The Lord Delights in You

Homily for the 2nd Sunday in Ordinary Time
http://www.lifeissues.net/writers/mcm/mcm_367homily1.16.2022ordinarytime2.html

Deacon D. McManaman

“No more shall people call you ‘Forsaken, ‘ but you shall be called ‘My Delight, ‘ for the LORD delights in you.”

            There is no doubt that in this reading, the Lord is addressing Israel, who is His bride. However, the deeper and ultimate meaning of these verses is that they address each individual human person, each one created in the image and likeness of God. We know this from the gospels, for Christ healed individual persons. This is what has been so difficult for human beings throughout history to understand. We tend to see ourselves as members of a larger group, and of course we are, but the problem is that the group can and often does overshadow the concrete person; for the person does not exist for the group, rather, the group exists for the person (just as man was not made for the Sabbath, but the Sabbath was made for man). The group as a whole is not a person, but you are a person. Christ, who is the Second Person of the Trinity of Persons, came to redeem the human person, and if you were the only person who needed to be redeemed, Christ would have come for you and you alone.

            On one of my pastoral visits to a local elementary school, a young grade 5 girl said to me that she was told by her parents that, with respect to this pandemic, “God is taking a vacation”. Although there is something hopeful in this claim–insofar as vacations come to an end and the vacationer returns and takes care of outstanding business–, it is a rather dangerous claim to make, for God does not leave us alone even for an instant. In fact, you and I have God’s undivided attention at every instant of our existence, and children above all need to understand that. It is not possible for a limited human being to give undivided attention to more than one person at the same time, but God can give each individual person His undivided attention simultaneously and perpetually, because God is unlimited. 

            It is remarkable to consider what it means that we have God’s undivided attention at every instant of our existence; for it means He loves each one of us as if there is only one of us, that is, as if you are the only one for Him to love. It is as if everything in the universe was created ultimately for you alone, that all this exists to sustain and serve you, i.e., the environment, the law of gravity and all the other laws of physics, the cycles, and the entire order of nature, etc. In fact, if you or I really knew how much God loves us, we would die of joy. And this life is precisely about learning to be loved like that. This means allowing myself to be loved like that, for you and I tend not to allow that for ourselves because we have a very uncompromising and narrow sense of justice for ourselves and thus don’t see ourselves as deserving of that love, so we choose not to open ourselves to it. But His love for us is not a matter of justice–of course, no one deserves to be loved like that–rather, His love is a matter of pure gift. 

            The Lord delights in you, completely attentive to you at every instant of your existence. He does not delight in you because you are so talented and have achieved so much–that’s the love of this world; this world loves you by virtue of your gifts and talents or is indifferent to you by virtue of your lack of them. God, on the other hand, loves you because you are His, you are in His image and likeness; He sees you in Himself, and Himself in you.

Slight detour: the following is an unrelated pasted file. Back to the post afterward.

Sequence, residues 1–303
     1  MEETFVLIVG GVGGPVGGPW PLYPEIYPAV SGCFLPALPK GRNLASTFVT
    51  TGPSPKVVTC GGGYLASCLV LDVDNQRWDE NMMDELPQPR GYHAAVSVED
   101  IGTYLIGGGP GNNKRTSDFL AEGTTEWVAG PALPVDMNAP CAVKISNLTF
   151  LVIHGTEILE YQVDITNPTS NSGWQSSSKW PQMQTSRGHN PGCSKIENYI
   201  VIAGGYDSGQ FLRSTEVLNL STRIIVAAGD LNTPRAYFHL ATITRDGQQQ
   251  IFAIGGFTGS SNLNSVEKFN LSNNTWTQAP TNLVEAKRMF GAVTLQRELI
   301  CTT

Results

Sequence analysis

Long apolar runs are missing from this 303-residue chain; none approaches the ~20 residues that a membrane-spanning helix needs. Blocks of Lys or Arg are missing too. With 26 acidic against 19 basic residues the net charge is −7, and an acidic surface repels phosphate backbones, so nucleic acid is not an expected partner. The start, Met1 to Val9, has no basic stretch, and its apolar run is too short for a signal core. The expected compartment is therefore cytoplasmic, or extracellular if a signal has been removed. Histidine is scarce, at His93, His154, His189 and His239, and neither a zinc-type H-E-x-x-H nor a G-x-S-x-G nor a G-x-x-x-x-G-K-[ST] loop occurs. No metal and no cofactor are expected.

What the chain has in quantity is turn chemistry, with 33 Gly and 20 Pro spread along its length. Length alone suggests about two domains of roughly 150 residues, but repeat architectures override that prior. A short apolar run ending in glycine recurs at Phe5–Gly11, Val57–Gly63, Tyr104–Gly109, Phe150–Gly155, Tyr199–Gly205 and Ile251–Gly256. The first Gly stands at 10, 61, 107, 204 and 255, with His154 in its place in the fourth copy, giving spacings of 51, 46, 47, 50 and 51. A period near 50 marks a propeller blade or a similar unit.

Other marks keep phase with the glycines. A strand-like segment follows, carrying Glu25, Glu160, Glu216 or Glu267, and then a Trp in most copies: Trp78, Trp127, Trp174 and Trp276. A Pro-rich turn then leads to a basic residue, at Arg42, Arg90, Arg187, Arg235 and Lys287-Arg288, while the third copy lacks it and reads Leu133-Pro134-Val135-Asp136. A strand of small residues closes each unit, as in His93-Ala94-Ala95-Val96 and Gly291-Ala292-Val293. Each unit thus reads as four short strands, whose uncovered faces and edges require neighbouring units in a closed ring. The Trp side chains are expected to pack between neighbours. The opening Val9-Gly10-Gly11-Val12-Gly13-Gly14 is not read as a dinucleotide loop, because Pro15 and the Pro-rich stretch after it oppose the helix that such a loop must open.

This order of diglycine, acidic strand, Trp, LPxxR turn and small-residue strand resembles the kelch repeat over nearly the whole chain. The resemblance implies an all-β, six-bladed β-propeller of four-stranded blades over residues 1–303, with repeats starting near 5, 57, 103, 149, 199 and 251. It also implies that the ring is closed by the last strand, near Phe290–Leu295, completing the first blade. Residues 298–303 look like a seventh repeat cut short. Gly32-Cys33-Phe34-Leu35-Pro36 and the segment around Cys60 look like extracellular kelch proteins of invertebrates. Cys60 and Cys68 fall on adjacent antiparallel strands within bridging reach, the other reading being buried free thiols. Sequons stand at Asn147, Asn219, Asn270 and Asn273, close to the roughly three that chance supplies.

It is so important to get a handle on this. It is difficult to do so because the culture in which we live does not see the value of the individual person, or as Berdyaev would have put it, the privileges of the nobility have not been extended to all mankind, which would raise all to the level of nobility, “since human dignity was first recognized for the aristocracy” (See his The Fate of Man in the Modern World). We continue to think in terms of the group–general democratization rather than general aristocratization–, and we value others on the basis of how useful they are to the group as a whole. We award students for their contribution to the group, for their achievements, which reflect well on the group, the school, the school board, etc., and whose talents promise to serve society well in the future. But in terms of the person himself or herself, we still don’t quite get it; for we still have legalized abortion. Medical schools are permeated with a pro-abortion/pro-choice mentality. The developing child in the womb is simply not recognized as “person”.

            Upon conversion, however, when a person becomes a new creation in Christ, when he is awakened to the knowledge of how much he is loved by God, that God really does pay undivided attention to him at every moment of his existence and is loved as if he or she is the only one that exists, it is then that he or she begins to notice the person, is awakened to the absolute and intrinsic value and dignity of the person–for we only see in others what we see in ourselves. It is at that point that morality suddenly becomes easy. To have a moral discussion with people today can be very difficult; they can become upset rather quickly. It is generally true that morality is painful for most people. But after a true conversion experience, it is no longer painful, and moral science becomes a “no brainer”. The problem is there are a lot of people in the Church, who regularly come to Mass, but who still have yet to convert. These are the people who write letters to the bishop when moral matters are preached in a way consistent with the teachings of the Church, but which upsets them nonetheless. Such people want religion without conversion. It’s not that they are nasty or horrible people; they just have not been awakened to the “personhood” of others, because they haven’t been awakened to their own personhood through an acute awareness of the divine gaze upon them. The purpose of this life is to come to know the delight that the Lord has for you personally and to allow yourself to be moved by that love.